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Sci-Hub users cost ASA journals thousands of downloads, and that’s OK

UPDATED to include Sci-Hub data from six months: September 2015–February 2016, and correcting a coding error that inflated download counts.


Well, they might not have lost the downloads, but they didn’t get them.

Sci-Hub is a pirate operation that uses stolen university login credentials to harvest, store, and distribute for free virtually every academic article published anywhere. It is a simple, if criminal, solution to a very big problem: the lack of access to published research for people who can’t pay for it. When someone goes to the Sci-Hub site and requests an article, by simply pasting in the DOI or URL, the system either serves them the paper, or goes and steals it for them and then keeps a copy for the next user. For us university people who are used to dealing with the maze of logins and forwarding and proxies that come between us and the information we seek, it’s unbelievably fast and almost never fails.

Their most recent claim is an archive of 76 million papers and 400,000 users per day.

Currently available at sci-hub.se or –.tw, it sometimes moves, but this site always lists where you can find it now. Naturally, both civil and criminal authorities are trying to shut it down, preferably by catching its mastermind, Alexandra Elbakyan, the elusive student programmer from Kazakhstan.

elbakyan-paywallthemovie

That picture is from the excellent (free streaming) documentary Paywall: The Business of Scholarship. Chris Bourg, the Director of Libraries at MIT (and a sociologist), also interviewed in the movie, said of Sci-Hub:

Those of us who work in scholarly communications, writ large, really have to look at Sci-Hub as sort of a poke in the side that says, “Do better.” We need to look to Sci-Hub to say, “What is it that we could be doing differently about the infrastructure that we developed to distribute journal articles, to distribute scholarship?” … I think we need to look at what’s happening with Sci-Hub, how it evolved, who’s using it, who’s accessing it, and let it be a lesson to us for what we should be doing differently.

Sociology’s stolen papers

Science magazine writer John Bohannon reached Elbakyan in 2016, and she turned over to him a 6-month cache of Sci-Hub server logs for a piece titled, “Who’s downloading pirated papers? Everyone.” He analyzed 28 million downloads, and Science made the data available for analysis, here. Eight million of those hits were from India and China, and the busiest location was Tehran.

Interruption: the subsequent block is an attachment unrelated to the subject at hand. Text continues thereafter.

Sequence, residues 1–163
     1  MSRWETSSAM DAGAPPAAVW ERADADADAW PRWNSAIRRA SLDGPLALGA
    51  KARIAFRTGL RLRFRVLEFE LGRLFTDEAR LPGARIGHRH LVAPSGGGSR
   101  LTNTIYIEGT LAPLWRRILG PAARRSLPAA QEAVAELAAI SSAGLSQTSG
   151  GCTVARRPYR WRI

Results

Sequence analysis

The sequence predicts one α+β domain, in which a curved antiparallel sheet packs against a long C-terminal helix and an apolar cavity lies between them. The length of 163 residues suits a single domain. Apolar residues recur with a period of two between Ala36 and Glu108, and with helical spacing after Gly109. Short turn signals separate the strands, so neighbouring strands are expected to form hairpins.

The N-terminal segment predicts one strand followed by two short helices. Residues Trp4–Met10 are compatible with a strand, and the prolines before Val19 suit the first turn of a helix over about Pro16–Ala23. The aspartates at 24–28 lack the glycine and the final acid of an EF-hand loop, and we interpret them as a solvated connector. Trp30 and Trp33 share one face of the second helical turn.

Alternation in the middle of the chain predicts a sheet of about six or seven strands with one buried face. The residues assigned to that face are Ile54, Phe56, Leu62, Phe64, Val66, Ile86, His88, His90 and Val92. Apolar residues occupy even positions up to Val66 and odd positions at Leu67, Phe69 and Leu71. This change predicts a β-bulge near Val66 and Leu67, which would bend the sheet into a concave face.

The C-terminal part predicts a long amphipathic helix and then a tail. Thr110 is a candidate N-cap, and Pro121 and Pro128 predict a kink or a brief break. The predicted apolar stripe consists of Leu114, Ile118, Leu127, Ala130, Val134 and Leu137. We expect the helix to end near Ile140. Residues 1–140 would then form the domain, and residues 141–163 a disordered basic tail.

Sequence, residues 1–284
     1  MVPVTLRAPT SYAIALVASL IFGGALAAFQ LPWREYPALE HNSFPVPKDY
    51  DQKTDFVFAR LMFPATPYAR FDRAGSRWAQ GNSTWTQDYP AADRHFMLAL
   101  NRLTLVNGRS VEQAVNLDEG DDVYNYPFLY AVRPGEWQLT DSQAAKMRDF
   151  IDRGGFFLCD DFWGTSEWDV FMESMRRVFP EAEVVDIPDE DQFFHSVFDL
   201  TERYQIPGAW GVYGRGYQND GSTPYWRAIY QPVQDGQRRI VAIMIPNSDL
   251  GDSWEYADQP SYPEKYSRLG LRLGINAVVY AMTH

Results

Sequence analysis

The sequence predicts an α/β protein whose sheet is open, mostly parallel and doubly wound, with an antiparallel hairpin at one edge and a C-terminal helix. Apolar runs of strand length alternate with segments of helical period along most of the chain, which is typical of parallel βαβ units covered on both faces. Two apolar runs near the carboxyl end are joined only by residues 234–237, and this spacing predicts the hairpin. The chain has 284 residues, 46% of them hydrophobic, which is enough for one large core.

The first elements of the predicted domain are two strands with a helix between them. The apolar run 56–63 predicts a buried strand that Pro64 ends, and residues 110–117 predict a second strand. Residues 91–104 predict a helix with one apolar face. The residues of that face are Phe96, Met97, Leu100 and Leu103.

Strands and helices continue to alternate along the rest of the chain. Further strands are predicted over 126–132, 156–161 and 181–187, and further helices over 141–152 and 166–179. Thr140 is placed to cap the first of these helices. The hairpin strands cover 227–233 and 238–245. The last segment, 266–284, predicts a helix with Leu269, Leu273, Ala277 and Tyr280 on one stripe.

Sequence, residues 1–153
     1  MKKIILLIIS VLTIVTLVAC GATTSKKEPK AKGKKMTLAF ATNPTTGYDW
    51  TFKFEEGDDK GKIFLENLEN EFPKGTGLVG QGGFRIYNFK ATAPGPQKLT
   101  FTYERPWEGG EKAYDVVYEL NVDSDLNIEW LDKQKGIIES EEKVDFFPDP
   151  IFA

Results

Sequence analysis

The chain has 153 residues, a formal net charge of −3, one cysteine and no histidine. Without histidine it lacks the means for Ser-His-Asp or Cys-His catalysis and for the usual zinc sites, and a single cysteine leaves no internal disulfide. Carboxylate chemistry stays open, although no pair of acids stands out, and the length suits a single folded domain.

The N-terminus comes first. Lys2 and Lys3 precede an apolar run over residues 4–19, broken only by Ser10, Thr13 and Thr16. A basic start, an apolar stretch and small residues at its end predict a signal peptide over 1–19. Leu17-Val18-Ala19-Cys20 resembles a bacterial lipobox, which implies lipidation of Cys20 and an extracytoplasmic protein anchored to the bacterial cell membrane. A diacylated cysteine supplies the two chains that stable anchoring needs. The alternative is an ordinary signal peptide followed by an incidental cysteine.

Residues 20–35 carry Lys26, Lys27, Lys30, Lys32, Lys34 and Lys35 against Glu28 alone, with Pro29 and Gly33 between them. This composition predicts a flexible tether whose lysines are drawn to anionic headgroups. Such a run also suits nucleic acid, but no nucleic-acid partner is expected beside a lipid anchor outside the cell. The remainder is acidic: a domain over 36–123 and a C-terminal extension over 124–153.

The data archive includes only the time and date, the DOI number of each paper downloaded, and the location of the user. I’m not expert in DOI analysis, but Bohannon included a guide that shows the prefix 10.1177 is associated with Sage Publications, which publishes the American Sociological Association’s journals. Looking at the entire six-month series, September 2015 — February 2016, I found 171,000 Sage items, downloaded 377,000 times. Of those (if I got the DOIs right), 805 titles downloaded 1628 times came from the ASA research journals (my Stata code is here).


ASA / Sage downloads from Sci-Hub, Sept 2015 – Feb 2016
Articles Downloads
American Sociological Review 239 693
Teaching Sociology 221 269
Journal of Health and Social Behavior 94 188
Social Psychology Quarterly 77 152
Sociology of Education 73 157
Sociological Methodology 57 76
Sociological Theory 44 93
Total 805 1628

On an annualized basis, that would be 750,000 Sage downloads, and 3,200 from ASA journals specifically. For comparison, the most popular article in ASR in 2017 was downloaded about 10,000 times from the Sage site, so it’s a small share of the legitimate traffic. So over the life of Sci-Hub it cost (and saved) ASA thousands of downloads, probably a few tens of thousands. [Note in the first version of this post, I had a coding error that multiplied the counts, and this read “hundreds of thousands”. I regret the error.]

The most-downloaded ASR paper for the entire period was:

Mears, Ashley. 2015. “Working for Free in the VIP: Relational Work and the Production of Consent.” American Sociological Review 80 (6): 1099–1122. (downloaded 33 times)

The most-downloaded from a different journal was:

Kanazawa, Satoshi. 2010. “Why Liberals and Atheists Are More Intelligent:” Social Psychology Quarterly, February. (29 times)

I looked at a couple of them in more detail, and found, for example, that Paula England’s 2015 ASA Presidential Address was downloaded by users in Seoul (South Korea), Durban (South Africa), New Delhi, London, Chicago, Washington, and Virgie (Kentucky).

Interestingly, at least one of the popular papers, Lizardo et al.’s introduction to their editorial tenure at ASR, is already ungated on the Sage site, so you don’t need to use Sci-Hub to get it. This suggests, as Bohannon also noted, that some Sci-Hub users are just using the site because it’s convenient, not because they don’t have access to the papers.

Do you Sci-Hub?

I use Sci-Hub a lot, often for things that I also have subscription access to. (I do not, however, contribute anything to the system; I free-ride off their criminality.) Why? I’m not in the paywall game business, I’m in the information business. I am always behind on my work, and adding a few seconds or minutes of hunting for the legitimate way to get each of the many articles I look at every day is not worth it. (And when I find my university doesn’t subscribe? Interlibrary loan is wonderful, but I don’t want to spend more time with it than necessary.) Does my choice cost the American Sociological Association a few cents, by reducing legitimate downloads, which somehow factors into the profits that get kicked back to the association from Sage? I don’t know.